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Within a landscape where prey has an aggregated distribution, predators can take advantage of the spatial autocorrelation of prey density and intensify their search effort in areas of high prey density by using area-restricted search behaviour. In African arid and semi-arid savannas, large herbivores tend to aggregate around scarce water sources. We tested the hypothesis that water sources are a key determinant of habitat selection and movement patterns of large free-ranging predators in such savannas, using the example of the African lion. We used data from 19 GPS radio-collared lions in Hwange National Park, Zimbabwe. Maps of lions' trajectories showed that waterholes are key loci on the lions' route-maps. Compositional analyses revealed that lions significantly selected for areas located within 2 km of a waterhole. In addition, analysis of lions' night paths showed that when lions are close to a waterhole (<2 km), they move at lower speed, cover shorter distances per night (both path length and net displacement) and follow a more tortuous path (higher turning angle, lower straightness index and higher fractal dimension) than when they are further from a waterhole. Hence, our results strongly suggest that lions adopt area-restricted searching in the vicinity of waterholes, and reduce their search effort to minimize the time spent far from a waterhole. They provide an illustration of how key habitat features that determine the dispersion of prey (e.g. waterholes in this study) have an influence on the spatial ecology and movement patterns of terrestrial predators. © 2009 Springer Science+Business Media B.V.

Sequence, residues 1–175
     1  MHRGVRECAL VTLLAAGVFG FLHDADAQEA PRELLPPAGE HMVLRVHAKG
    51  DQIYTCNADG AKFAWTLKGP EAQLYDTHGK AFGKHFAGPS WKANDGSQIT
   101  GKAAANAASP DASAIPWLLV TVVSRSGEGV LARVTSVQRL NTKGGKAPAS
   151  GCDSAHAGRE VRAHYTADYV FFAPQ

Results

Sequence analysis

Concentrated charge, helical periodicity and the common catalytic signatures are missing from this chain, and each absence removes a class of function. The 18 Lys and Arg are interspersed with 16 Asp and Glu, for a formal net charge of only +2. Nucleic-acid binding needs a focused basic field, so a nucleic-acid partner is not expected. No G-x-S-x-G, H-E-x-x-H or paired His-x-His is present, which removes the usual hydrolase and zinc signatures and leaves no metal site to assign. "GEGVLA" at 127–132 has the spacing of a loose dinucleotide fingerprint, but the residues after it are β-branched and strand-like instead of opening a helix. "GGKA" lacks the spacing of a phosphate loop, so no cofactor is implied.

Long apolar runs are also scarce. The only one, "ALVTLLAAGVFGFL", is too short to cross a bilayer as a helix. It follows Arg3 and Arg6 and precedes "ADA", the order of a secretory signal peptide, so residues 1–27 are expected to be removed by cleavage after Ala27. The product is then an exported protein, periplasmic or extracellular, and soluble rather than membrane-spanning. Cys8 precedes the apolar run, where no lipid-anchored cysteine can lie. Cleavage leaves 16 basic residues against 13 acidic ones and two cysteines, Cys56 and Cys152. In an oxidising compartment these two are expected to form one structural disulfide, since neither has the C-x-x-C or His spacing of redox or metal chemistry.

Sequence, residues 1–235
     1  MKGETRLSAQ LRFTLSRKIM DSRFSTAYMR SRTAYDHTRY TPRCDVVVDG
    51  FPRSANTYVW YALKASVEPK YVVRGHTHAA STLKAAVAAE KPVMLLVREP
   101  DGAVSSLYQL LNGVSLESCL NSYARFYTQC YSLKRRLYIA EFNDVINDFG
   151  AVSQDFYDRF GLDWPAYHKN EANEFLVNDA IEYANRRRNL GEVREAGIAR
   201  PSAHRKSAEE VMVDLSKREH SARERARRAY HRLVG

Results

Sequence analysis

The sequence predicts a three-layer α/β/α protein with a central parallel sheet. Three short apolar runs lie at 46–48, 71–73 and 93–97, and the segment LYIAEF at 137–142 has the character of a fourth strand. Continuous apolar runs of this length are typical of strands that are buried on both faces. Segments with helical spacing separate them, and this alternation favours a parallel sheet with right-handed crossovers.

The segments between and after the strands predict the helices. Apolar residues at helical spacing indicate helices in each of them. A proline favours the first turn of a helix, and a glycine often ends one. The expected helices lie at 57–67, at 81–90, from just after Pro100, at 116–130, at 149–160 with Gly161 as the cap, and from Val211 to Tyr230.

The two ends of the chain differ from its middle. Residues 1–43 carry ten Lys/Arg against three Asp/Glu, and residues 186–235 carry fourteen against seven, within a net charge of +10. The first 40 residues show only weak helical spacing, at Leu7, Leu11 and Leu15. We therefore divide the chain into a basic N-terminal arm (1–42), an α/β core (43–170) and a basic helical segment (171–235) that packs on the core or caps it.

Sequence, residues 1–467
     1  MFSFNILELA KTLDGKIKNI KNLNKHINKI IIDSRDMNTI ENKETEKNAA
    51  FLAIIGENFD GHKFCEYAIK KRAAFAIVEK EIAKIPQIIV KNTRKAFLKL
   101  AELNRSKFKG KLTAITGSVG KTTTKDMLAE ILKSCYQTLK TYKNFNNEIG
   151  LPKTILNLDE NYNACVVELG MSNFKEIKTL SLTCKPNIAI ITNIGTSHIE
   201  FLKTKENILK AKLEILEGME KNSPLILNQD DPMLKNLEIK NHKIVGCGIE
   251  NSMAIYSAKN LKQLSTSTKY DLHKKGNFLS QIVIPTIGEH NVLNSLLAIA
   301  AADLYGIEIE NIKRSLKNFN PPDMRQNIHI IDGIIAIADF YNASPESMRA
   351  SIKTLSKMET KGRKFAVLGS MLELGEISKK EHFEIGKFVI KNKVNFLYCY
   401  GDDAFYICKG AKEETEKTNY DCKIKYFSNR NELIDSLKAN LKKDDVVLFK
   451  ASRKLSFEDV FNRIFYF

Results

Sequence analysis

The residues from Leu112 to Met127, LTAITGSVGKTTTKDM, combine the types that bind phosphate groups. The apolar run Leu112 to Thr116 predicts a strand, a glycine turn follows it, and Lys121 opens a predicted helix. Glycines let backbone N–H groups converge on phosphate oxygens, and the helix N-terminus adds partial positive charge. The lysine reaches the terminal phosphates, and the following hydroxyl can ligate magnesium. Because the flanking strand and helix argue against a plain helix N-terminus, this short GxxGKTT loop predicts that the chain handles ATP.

Original publication




Journal article


Landscape Ecology

Publication Date





337 - 351